Statistical Signal Processing

Subject ELEN90079 (2016)

Note: This is an archived Handbook entry from 2016.

Credit Points: 12.5
Level: 9 (Graduate/Postgraduate)
Dates & Locations:

This subject has the following teaching availabilities in 2016:

Semester 2, Parkville - Taught on campus.
Pre-teaching Period Start not applicable
Teaching Period 25-Jul-2016 to 23-Oct-2016
Assessment Period End 18-Nov-2016
Last date to Self-Enrol 05-Aug-2016
Census Date 31-Aug-2016
Last date to Withdraw without fail 23-Sep-2016

Timetable can be viewed here. For information about these dates, click here.
Time Commitment: Contact Hours: 36 hours of lectures
Total Time Commitment:

200 hours





Recommended Background Knowledge:

Knowledge of probability and random models equivalent to:

Study Period Commencement:
Credit Points:

Knowledge of signals and systems concept, equivalent to:

Study Period Commencement:
Credit Points:
Semester 2, Winter Term
Semester 2
Non Allowed Subjects: None
Core Participation Requirements:

For the purposes of considering request for Reasonable Adjustments under the Disability Standards for Education (Cwth 2005), and Student Support and Engagement Policy, academic requirements for this subject are articulated in the Subject Overview, Learning Outcomes, Assessment and Generic Skills sections of this entry.

It is University policy to take all reasonable steps to minimise the impact of disability upon academic study, and reasonable adjustments will be made to enhance a student's participation in the University's programs. Students who feel their disability may impact on meeting the requirements of this subject are encouraged to discuss this matter with a Faculty Student Adviser and Student Equity and Disability Support:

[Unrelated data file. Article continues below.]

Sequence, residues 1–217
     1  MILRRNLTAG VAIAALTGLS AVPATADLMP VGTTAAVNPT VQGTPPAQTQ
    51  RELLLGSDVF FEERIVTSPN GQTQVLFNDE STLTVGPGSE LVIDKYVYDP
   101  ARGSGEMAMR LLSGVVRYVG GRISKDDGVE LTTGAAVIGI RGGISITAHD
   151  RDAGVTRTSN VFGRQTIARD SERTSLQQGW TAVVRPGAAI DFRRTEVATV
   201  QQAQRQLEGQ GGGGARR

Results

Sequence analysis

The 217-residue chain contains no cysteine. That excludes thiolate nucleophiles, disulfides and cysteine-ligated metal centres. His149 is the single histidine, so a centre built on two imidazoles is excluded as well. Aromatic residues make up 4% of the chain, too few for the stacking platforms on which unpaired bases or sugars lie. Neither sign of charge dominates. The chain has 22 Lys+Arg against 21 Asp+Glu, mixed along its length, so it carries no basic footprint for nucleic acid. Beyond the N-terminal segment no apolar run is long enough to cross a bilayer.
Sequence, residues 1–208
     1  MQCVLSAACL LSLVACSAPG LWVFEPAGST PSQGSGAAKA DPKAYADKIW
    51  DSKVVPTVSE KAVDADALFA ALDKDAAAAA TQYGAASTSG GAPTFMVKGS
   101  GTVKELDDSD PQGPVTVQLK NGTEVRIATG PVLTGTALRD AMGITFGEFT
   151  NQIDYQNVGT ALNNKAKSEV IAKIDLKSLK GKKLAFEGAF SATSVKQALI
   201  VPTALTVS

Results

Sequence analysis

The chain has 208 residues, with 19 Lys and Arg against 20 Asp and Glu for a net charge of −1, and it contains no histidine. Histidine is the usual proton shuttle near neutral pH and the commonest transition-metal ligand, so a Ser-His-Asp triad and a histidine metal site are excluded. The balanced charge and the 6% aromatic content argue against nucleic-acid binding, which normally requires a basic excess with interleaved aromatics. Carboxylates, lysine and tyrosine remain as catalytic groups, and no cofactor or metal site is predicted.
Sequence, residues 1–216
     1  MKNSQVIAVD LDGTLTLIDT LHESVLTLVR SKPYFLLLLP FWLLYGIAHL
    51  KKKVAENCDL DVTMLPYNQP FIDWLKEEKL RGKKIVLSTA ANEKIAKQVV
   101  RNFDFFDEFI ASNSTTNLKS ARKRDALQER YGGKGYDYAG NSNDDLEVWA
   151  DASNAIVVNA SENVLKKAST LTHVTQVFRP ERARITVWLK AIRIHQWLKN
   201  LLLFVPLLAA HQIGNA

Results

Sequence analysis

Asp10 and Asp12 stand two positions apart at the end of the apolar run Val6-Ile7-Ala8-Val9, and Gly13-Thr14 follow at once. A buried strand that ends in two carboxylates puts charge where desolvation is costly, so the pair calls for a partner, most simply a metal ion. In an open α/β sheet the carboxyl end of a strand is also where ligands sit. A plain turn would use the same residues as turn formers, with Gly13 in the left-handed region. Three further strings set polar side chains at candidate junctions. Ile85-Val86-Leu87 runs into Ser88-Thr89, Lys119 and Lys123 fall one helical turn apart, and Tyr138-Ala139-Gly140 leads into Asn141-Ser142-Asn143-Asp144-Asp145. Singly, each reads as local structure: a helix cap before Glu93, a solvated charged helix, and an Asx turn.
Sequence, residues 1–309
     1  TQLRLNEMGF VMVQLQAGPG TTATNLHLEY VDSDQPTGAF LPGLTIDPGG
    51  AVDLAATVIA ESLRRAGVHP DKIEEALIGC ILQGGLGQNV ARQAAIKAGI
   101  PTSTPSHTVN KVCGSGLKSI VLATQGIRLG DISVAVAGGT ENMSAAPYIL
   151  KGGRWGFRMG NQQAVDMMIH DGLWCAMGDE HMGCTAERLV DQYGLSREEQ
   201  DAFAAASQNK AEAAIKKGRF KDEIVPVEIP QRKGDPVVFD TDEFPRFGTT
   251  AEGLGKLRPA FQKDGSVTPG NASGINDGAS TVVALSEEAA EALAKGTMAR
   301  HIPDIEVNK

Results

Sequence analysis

Prof Erik Weyer



Subject Overview:

The aim of this subject is to give students a rigorous introduction to the mathematical tools commonly employed in statistical signal processing.

Topics include: State estimation algorithms (Kalman and Wiener filtering); parameter estimation algorithms (Least Squares, Maximum Likelihood, Maximum a Posteriori) and their adaptive versions.

Other topics to be selected from: system identification, spectral analysis, nonlinear filtering; hidden Markov model signal processing; expectation maximization algorithm; distributed detection and estimation; information-theoretic aspects of estimation and detection (Cramer Rao bound, Divergence measures).

Learning Outcomes:

Intended Learning Outcomes (ILOs)

On completion of this subject the student is expected to:

1. Use the principle of orthogonality to derive least squares system identification and minimum mean square error state estimation algorithms
2. Use probability theory to analyze properties of system identification and filtering algorithms.
3. Formulate and solve optimal system identification and filtering problems.

  • Continuous assessment of assignments, not exceeding 60 pages in total over the semester, requiring approximately 25 hours of work in total. The continuous assessment consists of two projects to be submitted in Week 7 and Week 12 respectively (20%)
  • Final 3 hour examination at end of semester (80%)

Hurdle requirement:
Students must pass the final exam in order to pass the subject.

Intended Learning Outcomes (ILOs) 1-3 are assessed in the final written exam and through submitted homework assignments.

Prescribed Texts:


Breadth Options:

This subject is not available as a breadth subject.

Fees Information: Subject EFTSL, Level, Discipline & Census Date
Generic Skills:
  • Ability to apply knowledge of basic science and engineering fundamentals;
  • In-depth technical competence in at least one engineering discipline;
  • Ability to undertake problem identification, formulation and solution;
  • Ability to utilise a systems approach to design and operational performance;
  • Expectation of the need to undertake lifelong learning, capacity to do so;
  • Capacity for independent critical thought, rational inquiry and self-directed learning;
  • Intellectual curiosity and creativity, including understanding of the philosophical and methodological bases of research activity;
  • Openness to new ideas and unconventional critiques of received wisdom;
  • Profound respect for truth and intellectual integrity, and for the ethics of scholarship
Related Course(s): Doctor of Philosophy - Engineering

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